To be clear, community economies are not intended to disrupt or displace existing game industry dynamics. They also do not apply to all types of games. Rather, they are intended to be complementary, by providing a parallel, community-centric economy that’s designed to be more equitable, sustainable, and inclusive. They are fully compatible with existing business models, and also allow for new hybrid ones to emerge.
In the near term, we believe these complementary revenue streams will be rooted in player-driven activities—such as the trading and selling of earned digital goods—versus the selling of developer-created content or services. For players, the game experiences they know and love will largely look the same. But what they will gain is the right to buy, sell, and trade the digital goods they’ve earned and bought, enabling them to earn real income and become active participants in a game’s economy.
Looking farther down the road, we envision a new genre of games where the economic role of game developers evolves from being a merchant or vendor of digital goods and services as they are today, to something more akin to a bank, creating and managing sophisticated, dynamic virtual economies that have real-world relevance.
This new class of games would not just incorporate community economics, but would be deliberately designed around it—similar to how some modern games are designed with streamers and esports in mind. Doing so would fold in the economic activity that’s currently happening outside of a game’s virtual economy, allowing developers to capture vital revenue that can be used to support their games. It would also help ensure their players are not exposed to scams and fraud through secondary markets that have no official oversight.
As for player communities, they will have the freedom to offer in-game services, create and sell custom content, establish new marketplaces, and much more. The creation of virtual companies owned and operated by the community is even possible. By giving players a means to leverage their creative abilities, help others, and earn real income—all from within a game—players will become true virtual citizens, and play an integral role in the game experience itself.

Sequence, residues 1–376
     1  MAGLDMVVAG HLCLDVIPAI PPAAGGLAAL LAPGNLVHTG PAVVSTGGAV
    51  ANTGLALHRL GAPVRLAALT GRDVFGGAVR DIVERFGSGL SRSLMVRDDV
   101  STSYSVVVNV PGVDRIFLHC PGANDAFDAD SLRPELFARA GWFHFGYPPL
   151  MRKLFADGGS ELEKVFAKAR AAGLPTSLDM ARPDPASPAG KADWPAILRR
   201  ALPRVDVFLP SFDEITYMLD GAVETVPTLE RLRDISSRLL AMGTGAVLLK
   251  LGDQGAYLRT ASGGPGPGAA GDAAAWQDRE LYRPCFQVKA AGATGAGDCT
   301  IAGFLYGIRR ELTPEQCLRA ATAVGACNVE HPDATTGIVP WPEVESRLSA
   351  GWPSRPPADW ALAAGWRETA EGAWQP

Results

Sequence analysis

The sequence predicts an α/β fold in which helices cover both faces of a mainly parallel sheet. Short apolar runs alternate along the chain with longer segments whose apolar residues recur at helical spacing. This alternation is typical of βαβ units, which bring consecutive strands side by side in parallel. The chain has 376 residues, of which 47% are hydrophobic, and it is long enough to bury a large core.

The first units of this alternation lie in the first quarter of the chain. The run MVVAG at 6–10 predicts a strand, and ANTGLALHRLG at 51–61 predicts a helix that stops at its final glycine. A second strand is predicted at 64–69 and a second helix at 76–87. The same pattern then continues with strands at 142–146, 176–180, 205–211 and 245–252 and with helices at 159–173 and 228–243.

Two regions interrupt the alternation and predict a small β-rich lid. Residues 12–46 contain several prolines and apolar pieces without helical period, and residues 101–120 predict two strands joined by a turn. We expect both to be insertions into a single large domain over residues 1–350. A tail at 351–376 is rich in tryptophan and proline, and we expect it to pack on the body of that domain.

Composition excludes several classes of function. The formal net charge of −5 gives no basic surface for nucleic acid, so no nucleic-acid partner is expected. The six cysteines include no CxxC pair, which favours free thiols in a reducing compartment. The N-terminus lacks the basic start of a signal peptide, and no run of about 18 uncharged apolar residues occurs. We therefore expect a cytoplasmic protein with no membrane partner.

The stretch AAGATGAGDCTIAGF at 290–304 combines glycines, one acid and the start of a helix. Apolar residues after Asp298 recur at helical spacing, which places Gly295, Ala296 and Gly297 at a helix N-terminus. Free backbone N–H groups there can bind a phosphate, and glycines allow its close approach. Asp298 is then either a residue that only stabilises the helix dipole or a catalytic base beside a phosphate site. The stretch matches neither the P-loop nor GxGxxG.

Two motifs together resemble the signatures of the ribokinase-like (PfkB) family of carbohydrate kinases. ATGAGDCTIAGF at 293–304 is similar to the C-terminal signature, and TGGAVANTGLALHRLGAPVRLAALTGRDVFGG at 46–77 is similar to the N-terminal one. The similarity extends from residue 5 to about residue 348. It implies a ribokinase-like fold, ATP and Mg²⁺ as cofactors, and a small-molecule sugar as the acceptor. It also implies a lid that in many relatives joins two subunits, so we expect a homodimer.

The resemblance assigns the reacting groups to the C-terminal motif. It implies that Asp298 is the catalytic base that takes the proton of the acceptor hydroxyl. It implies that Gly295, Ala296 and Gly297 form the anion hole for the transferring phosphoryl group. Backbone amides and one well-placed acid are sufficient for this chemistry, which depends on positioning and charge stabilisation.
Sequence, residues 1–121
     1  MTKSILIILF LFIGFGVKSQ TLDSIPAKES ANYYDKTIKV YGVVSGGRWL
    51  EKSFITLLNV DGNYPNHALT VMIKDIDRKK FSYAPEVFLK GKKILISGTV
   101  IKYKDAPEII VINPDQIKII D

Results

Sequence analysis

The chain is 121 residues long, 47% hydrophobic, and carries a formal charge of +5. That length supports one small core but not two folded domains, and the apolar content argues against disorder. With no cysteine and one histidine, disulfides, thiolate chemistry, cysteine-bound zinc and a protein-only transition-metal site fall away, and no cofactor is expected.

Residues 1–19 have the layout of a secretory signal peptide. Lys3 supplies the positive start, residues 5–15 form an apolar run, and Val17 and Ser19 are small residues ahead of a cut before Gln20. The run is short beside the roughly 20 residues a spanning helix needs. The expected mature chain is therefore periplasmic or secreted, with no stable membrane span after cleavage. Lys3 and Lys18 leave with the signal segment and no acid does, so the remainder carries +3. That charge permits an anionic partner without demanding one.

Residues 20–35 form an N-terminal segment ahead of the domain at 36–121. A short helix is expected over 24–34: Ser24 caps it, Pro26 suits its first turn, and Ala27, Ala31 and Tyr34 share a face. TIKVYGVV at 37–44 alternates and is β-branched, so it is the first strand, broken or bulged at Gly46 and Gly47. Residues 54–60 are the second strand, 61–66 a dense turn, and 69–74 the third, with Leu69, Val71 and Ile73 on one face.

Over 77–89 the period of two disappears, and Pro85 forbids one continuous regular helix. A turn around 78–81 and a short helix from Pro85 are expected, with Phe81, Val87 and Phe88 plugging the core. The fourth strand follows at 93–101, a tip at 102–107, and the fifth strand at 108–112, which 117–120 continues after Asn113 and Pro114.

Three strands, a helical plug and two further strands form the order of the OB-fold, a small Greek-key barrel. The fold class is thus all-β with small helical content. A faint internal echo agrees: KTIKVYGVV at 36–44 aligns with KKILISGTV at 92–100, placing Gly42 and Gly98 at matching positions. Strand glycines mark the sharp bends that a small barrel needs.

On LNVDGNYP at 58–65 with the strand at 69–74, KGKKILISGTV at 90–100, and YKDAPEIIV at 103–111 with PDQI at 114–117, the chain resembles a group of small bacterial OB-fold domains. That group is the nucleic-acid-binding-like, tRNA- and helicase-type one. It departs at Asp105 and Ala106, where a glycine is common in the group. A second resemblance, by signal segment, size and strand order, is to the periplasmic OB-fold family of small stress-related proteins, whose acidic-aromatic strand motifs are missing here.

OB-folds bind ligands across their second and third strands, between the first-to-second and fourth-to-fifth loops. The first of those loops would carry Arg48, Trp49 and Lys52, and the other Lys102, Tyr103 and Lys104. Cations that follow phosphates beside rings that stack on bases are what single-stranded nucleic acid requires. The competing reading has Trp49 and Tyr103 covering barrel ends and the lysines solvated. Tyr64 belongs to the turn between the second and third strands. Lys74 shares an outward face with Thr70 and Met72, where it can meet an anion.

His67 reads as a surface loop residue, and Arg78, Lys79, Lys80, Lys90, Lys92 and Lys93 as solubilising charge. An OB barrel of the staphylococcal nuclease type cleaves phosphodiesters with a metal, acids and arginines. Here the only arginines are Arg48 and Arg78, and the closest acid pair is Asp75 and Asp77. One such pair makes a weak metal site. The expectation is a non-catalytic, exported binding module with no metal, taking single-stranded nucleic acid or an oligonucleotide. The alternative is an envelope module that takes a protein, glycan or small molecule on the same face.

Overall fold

Games as Economic Platforms
Technology has optimized game developers’ ability to create, distribute, and operate virtual worlds of all sizes. But the basic economic model in games has remained at a relative standstill: developers create, players pay. The transaction has been one-way—largely because there hasn’t been a viable path for it to be anything but—despite the emergence and proliferation of community-driven efforts like Nookazon.
The journey from today’s unidirectional economic model for games to one that fully embraces community economics is a long one, and there are many challenges to address along the way. Fortunately, progress on the building blocks needed to power such games—e.g., digital property rights, new payment systems, decentralized and automated marketplaces, innovative game designs, community-centric economic models—is well underway. Moreover, this next-generation infrastructure will be powered by communities, not companies.
The shift to games as economic platforms will be neither swift nor cinematic. But like all true change, it will be profound. This is our chance to thoughtfully undo the original sin of the games industry, and allow projects like Nookazon to meaningfully contribute to the livelihoods of game developers, player communities, and all others pulled into a game’s economic and creative gravitational pull. This is the potential of games as economic platforms, and the promise of community economics.